National Geographic : 1925 Sep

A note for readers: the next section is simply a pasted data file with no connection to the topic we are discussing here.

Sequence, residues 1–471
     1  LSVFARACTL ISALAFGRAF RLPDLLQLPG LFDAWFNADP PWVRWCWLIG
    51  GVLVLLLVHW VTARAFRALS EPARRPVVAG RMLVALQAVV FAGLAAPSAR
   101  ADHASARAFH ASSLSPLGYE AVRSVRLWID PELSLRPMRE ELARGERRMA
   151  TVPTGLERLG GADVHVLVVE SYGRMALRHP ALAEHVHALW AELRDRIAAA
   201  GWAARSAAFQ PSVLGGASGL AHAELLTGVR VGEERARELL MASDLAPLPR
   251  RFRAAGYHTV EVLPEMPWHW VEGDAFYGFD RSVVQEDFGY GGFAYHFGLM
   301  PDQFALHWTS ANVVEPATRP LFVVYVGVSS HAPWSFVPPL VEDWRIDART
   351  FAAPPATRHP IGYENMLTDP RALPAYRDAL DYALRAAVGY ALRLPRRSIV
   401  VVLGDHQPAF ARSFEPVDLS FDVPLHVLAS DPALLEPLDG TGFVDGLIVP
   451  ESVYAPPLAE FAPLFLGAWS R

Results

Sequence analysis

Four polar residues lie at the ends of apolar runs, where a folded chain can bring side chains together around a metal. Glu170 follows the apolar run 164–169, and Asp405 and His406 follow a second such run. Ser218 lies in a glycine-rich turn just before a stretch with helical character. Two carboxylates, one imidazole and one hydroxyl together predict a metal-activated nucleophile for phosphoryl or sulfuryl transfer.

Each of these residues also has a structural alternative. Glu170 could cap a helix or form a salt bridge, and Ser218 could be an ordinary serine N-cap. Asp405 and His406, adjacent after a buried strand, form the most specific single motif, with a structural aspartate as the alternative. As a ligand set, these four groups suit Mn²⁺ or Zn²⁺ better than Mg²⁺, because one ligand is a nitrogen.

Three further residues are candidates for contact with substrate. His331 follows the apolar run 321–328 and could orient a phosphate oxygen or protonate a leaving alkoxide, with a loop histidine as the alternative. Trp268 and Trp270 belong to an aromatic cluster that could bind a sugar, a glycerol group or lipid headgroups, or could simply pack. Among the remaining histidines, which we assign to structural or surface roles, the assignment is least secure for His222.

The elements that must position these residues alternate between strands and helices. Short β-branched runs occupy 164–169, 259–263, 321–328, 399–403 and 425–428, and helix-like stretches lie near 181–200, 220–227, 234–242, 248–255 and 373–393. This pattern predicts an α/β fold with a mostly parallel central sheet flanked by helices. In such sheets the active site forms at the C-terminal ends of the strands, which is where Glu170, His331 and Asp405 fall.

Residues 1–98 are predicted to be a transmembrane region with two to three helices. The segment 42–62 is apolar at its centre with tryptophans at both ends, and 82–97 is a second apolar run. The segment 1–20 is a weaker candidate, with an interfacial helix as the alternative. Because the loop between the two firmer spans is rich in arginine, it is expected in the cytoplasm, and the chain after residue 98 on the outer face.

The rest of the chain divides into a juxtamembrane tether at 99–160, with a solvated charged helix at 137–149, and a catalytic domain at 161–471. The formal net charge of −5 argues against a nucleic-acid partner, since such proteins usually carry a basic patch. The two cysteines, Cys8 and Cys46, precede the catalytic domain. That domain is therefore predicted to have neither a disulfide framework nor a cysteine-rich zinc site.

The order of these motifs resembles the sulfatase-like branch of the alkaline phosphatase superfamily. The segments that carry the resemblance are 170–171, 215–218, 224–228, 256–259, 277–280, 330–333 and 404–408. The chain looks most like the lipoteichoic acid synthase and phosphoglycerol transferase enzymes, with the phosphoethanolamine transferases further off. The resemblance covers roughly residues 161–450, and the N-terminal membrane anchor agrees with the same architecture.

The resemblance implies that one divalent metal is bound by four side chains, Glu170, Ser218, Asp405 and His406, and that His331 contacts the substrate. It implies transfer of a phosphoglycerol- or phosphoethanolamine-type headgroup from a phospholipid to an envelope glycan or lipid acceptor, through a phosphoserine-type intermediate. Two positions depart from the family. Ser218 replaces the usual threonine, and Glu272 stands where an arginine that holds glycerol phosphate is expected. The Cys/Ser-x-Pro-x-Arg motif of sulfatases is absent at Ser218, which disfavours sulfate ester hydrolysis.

PACIFIC Nearer BY Shippers save from two to ten days and thousands of dollars by routing their trans-Pacific shipments through Pacific Northwest ports. These are the nearest American ports to the Orient. They are from 300 to 400 miles nearer by straight lines. They are nearer still by ship ping lines. Yokohama, for example, is 1179 miles nearer the Pacific Northwest because the other common trade route to our Pacific Coast is by way of Honolulu. This means a saving of almost one fourth of the time in shipments to and from the Orient. It means a saving in the cost of ship operation, interest charges and insurance. This is an especially important advantage in shipments of products of high value, where large amounts of capital are tied up and interest and insurance charges are heavy. DRTHWEST With healthy ri valry the seaport cities of the Pacific Nort h west have vied in building port facilities that are unsurpassed in the harbors of the world DAYS the Orient! Thus, more than 70 per cent of the raw silk imported from the Orient enters the United States through the Pacific Northwest. And 80 per cent of the trans-Pacific mail is handled through the Seattle post office. In addition, the rail haul to the principal Eastern cities is shorter from the Pacific Northwest. These are some of the reasons why the ports of Washington and Oregon dominate foreign trade on the Pacific Coast. "The immutable law of the short haul" makes these advantages per manent. They will become increas ingly important, just as they have in the Atlantic. They have contrib uted toward the Pacific Northwest's amazing growth of foreign commerce in the past. And they insure its continued leadership in the future. cThe Chicago Burlington &Quincy RR. c'he Northern Pacific Ry. The Great Northern Ry.